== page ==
With college aged kids, the fact that I’m no longer in the mainstream is brought home to me regularly. I just didn’t really understand how far out of the channel I really am.  At one point during the presentation, Verdino identifies the audience by their generation names. “I’m an ‘Xer’,” he states, “how many GenY’s are out there? Millennials?” He didn’t ask about my generation. I’m a Baby Boomer . . . ergo out of touch.

Sure, I’ve been blogging for a while. I’ve got a Facebook site and I’m playing with LinkedIn.  I’ve even tried advertising with AdWords . . . didn’t get very far. I’m really not even scratching the surface. But, until now,  it had simply never occurred to me that these forms of communication were really going to take the place of print on paper.

For my generation, it’s still natural to pick up a book or a magazine or a newspaper. I do like to look at the mail. As a printer, I enjoy the feel of paper. I feel more comfortable reading print on paper.  While my children read books, their information comes from the Internet.  Email was a major innovation for my generation. Verdino comments that email is not considered reliable by the new generation entering the workplace. They prefer to communicate through their personal network. And printers wonder why we’re not printing letterhead and envelopes any more!

Am I worried? You betcha.  It’s difficult to reinvent a small business whose livelihood is dependent upon a pretty significant capital investment in machines that print on paper;  especially in a recession that has reduced the volume of business (and consequently human and monetary resources) dramatically. Is print dead? Not yet, but it really is changing a lot.

I am certainly hopeful that there will be a place for the local printer . . . at least over the short to medium term. A lot of the commodity stuff has already been gobbled up by the online, gang run printers (See Poor Richard’s post Caveat Emptor!). Most good local print companies really enjoy working with our customers and much of our business comes from folks who either don’t have the time or the expertise to take their chances with the online print service providers. We have become, in essence, custom shops, specializing in projects that need to be handled correctly and quickly — projects that get lost in larger operations.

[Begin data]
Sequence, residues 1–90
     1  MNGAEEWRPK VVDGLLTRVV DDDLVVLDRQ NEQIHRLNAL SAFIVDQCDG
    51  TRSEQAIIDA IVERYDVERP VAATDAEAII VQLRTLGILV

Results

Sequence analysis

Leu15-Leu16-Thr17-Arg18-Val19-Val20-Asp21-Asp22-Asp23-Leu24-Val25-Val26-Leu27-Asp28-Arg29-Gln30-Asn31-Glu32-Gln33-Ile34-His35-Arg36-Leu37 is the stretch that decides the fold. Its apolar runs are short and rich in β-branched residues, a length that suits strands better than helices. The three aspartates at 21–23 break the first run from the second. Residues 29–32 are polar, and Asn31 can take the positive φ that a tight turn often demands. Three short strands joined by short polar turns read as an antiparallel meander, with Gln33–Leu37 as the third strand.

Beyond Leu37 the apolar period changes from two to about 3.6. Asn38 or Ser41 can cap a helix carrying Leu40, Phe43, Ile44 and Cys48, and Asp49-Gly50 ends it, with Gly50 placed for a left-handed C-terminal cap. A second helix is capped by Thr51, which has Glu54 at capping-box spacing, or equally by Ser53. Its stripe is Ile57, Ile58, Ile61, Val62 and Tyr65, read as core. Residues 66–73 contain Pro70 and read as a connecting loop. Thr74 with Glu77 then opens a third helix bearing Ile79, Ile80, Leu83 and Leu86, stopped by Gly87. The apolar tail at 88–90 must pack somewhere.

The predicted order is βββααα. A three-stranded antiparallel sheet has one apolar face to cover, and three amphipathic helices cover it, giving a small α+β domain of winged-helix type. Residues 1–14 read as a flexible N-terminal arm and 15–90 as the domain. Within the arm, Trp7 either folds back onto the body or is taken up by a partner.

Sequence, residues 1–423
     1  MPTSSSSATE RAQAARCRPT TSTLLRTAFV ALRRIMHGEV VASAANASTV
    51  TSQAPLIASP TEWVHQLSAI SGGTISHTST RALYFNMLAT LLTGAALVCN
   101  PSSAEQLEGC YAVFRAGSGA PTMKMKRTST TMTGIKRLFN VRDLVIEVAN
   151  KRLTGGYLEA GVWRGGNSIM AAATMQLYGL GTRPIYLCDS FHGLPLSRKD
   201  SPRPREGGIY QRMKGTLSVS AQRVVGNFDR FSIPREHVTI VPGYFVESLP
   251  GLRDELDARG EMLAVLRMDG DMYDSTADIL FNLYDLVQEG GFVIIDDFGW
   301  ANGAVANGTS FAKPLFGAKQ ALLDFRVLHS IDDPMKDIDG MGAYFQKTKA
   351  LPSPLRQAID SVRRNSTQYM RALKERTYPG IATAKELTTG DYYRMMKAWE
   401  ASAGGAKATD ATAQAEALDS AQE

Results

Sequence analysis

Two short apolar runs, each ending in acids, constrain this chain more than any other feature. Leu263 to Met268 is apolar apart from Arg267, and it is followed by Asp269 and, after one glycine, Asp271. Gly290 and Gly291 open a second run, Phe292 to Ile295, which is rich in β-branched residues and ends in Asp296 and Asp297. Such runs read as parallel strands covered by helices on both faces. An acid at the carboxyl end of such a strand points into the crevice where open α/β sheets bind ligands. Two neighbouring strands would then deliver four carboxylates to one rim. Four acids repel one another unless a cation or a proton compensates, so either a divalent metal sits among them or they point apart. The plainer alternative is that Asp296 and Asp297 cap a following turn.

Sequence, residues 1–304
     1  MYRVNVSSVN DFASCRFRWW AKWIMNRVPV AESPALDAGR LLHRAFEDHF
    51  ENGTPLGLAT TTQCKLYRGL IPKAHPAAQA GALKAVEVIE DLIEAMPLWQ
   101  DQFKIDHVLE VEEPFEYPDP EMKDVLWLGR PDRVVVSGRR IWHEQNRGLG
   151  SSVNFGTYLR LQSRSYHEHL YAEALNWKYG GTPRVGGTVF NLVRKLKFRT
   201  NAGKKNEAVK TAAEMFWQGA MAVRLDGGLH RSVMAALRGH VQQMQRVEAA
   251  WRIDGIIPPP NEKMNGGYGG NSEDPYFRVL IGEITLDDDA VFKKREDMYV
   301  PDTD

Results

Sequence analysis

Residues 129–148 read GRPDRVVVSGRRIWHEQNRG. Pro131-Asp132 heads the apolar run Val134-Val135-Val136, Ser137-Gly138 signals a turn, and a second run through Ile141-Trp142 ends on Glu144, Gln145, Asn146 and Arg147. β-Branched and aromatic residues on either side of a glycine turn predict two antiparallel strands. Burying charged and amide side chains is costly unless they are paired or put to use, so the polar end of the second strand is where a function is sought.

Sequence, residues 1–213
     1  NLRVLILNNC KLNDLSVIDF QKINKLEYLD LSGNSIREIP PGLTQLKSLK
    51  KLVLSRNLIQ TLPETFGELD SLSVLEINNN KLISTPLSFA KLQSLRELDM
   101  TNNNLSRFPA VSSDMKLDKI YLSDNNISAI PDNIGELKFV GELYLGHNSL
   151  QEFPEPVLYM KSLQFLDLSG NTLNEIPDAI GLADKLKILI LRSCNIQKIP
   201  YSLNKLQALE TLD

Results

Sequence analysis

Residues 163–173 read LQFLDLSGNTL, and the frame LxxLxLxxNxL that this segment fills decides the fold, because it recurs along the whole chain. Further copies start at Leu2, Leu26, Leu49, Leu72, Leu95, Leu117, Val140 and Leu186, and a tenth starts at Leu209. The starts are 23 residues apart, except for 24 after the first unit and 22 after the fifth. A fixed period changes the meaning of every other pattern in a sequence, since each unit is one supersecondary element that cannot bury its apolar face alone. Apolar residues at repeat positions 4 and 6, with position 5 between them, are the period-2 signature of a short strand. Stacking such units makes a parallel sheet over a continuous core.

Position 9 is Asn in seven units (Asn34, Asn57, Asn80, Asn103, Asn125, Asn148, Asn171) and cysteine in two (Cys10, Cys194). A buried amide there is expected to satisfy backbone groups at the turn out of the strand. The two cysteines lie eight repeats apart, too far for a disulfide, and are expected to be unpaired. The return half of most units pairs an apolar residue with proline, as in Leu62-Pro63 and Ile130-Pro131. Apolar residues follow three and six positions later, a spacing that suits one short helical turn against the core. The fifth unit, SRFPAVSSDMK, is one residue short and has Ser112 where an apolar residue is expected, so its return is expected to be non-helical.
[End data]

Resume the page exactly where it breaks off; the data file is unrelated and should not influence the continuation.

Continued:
Many of us have expanded our range of services.  At our AlphaGraphics, we mail, we print signs, we put together packages and kits  and we fulfill orders for certain customers.  We also take on the occasional “crazy order.” That’s the one that we really don’t know how to do until we finish it, but figure that it’ll work out in the end.  These services are keeping us afloat, but we haven’t found the “next best thing” to replace print.

And yes, there will always be printing presses of some sort. We still use trains, too, but they aren’t the preponderant form of transportation that they were in the latter half of the 1800s. You can even find a horse and buggy for hire if you look around a bit.  What I really need to figure out is how to take this horse and buggy in a new and different direction without going broke in the process. Ideas anyone?

Here’s Greg Verdino’s Video:

Vodpod videos no longer available.

more about “Learn How to Leverage New Technologie…“, posted with vodpod

Finding Shoes that Fit

August 16, 2007

Printshops are like shoes. One size does not fit all feet. Like shoes, some printshops are functional and casual. Others are trendy. Some are stylishly snooty. Some are cheap: they look good to begin with, but they’re poorly made. Others are broken down, worn out, or just out of step with current styles. With shoes and printing companies, the trick is finding the ones that are durable, comfortable, and right for the occasion.

Lets talk about durability first. Times are tough in the printing business. The market is changing rapidly. Volumes of traditional printed products (forms, envelopes, business printing) are declining. At the same time there are continuing opportunities for companies willing to embrace new technologies and expand their product offerings. There are still old line printers in most towns who are essentially dead men walking. They haven’t upgraded machinery or added new capabilities and they will not survive for long. These are the old, worn-out shoes. They may feel comfortable when you put them on, but they’ll kill your feet if you wear them and they’re going to let you down on a long hike.